Original article| Open access | J Adv Biotechnol Exp Ther. 2022; 5(1): 115-125.|doi: 10.5455/jabet.2022.d101

Epidemiological comparison of the first and second wave of COVID-19 pandemic in Dhaka, Bangladesh: A cross-sectional study among suspected cases


Many countries have been seen two wave patterns of reported cases of coronavirus diseases. Still, a limited number of studies compared the epidemiological attributes of the first wave and second wave of coronavirus diseases 2019 (COVID-19) outbreak. This study was carried out to compare the epidemics of two waves in Bangladesh. This observational study data of suspected cases was collected from June 2020 to April 2021 from a local authorized diagnostic center. From June 27, 2020, to July 27, 2020, was considered as the first wave and from March 20, 2021, to April 20, 2021, was considered a second wave. This period was determined because of observing the highest number of positive cases during that period.  Out of 21,359 cases, including 2429 (11.37%) individuals in the first wave and 4989 (23.36%) individuals in the second wave had RT-PCR test for disease confirmation. Among them, 315 people in the first wave and 630 in the second wave were positive for SARS-CoV-2 RNA. Male were more vernalized to the positive case, including 204 (64.8%) and 421 (66.8%) during the first and second waves, respectively. People under 41 found 56.2% positive cases during the first wave while it was 65.6% in the second wave. We also found 128 positive cases among international travelers. In conclusion, a large extent of different epidemiological attributes was found in the second wave compared to the first wave of the outbreaks.


COVID-19 is the most devastating epidemic caused by severe acute respiratory syndrome Corona virus-2 (SARS-CoV-2) was first identified in Wuhan, China, in late December [1]. Coronavirus has spread across the world through international travelers [1] Even experts do not still know how the extent and how long it will continue even what will be the future of this diseases [2]World Health Organization (WHO) considered the 2019-novel coronavirus the sixth public health emergency regarding international concern on January 30. In Bangladesh the first confirmed case was identified on March 08, 2020 [3] currently, it ranks 26 among the affected countries. Bangladesh experienced a surge in COVID-19 infections between mid-June and mid-July last year with 3000-4000 patients per day. Experts termed this period as the first wave.[4] Although Bangladesh is experiencing the worst situation of the pandemic in April 2021 and the health experts said that is the ongoing period of the second wave of COVID-19 that reached its peak in the first week. The infection percentage growth in Bangladesh became the highest in Asia on April 11, 2020. [4], and on June 13 and the total number of identified cases exceed the number of cases in China [5]. WHO defined a pandemic, consider better control if the infection below 5% and thankfully Bangladesh observe this situation from late august after finish first wave to march 2021 [6].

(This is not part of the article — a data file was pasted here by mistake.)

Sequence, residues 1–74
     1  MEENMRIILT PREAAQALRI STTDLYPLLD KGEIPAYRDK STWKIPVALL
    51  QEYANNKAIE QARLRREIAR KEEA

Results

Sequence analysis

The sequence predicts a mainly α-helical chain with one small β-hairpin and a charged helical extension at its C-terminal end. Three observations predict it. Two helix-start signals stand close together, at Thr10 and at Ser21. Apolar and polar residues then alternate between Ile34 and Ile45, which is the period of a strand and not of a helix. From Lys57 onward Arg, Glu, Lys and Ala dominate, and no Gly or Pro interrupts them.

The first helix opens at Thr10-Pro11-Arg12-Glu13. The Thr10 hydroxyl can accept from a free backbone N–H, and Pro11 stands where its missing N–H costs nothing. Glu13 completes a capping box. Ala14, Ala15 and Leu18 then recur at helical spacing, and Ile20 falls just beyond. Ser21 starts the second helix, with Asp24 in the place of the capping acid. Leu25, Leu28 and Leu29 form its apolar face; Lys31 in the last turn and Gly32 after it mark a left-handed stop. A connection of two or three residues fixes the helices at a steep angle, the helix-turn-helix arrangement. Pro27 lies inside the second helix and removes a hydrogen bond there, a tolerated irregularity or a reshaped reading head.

Although, as an early response to the COVID-19 pandemic, the government of Bangladesh announced the prohibition on normal movement to maintain social distancing from March 26 and extended it up to May 30, 2020, in seven different slots [7]. But because of the long-term lockdown, Bangladesh’s economic growth has experienced a drop of 6% from 2019 [8]. Similarly, as a heavily populated country like Bangladesh strict maintenance of lockdown and enforcement social isolation is very difficult where there are about 49.5 million are economically active daily workers [9]and having our garments industry, the second-largest clothing supplier [10].To tackle the COVID-19 situation Bangladesh government also closed the educational institute from May 24, 2021, and after extending several times, the same decision is reached to May 29 2021 [11].But different studies find that this situation adversely affected the student’s mentality they started anxiety, depression, and self-harm [12].Similar containment strategies such as stick lockdown, restricted movement have been taken during the second wave pattern of the COVID-19 pandemic in March – April 2021.
The COVID-19 may vary depending on the underlying comorbidities (diabetes, heart diseases, hypertension, COPD), age, sex, and geographic locations in both waves [13]. Even though Coronavirus can affect individuals, the risk is severe for people aged 60 years or more with comorbidities like cardiovascular sicknesses, constant respiratory infections, diabetes, and malignancy. In Bangladesh, there are approximately 10,742,500 people aged 60 years or above. This huge number of older people indicates a very much vulnerability to COVID -19 as the virus is spreading across the country [3].
The proportion of men contracting the infection was 2.5 which are more than women; men rule the outdoor activities and are less cautious towards staying aware of individual cleanliness. [13] The death rate among males was found higher in various studies around the world, men’s infections rates (71%) and deaths (77%) than females [13]. The infection rate and the death rate also showed a significant difference during the two waves in different territories around the world.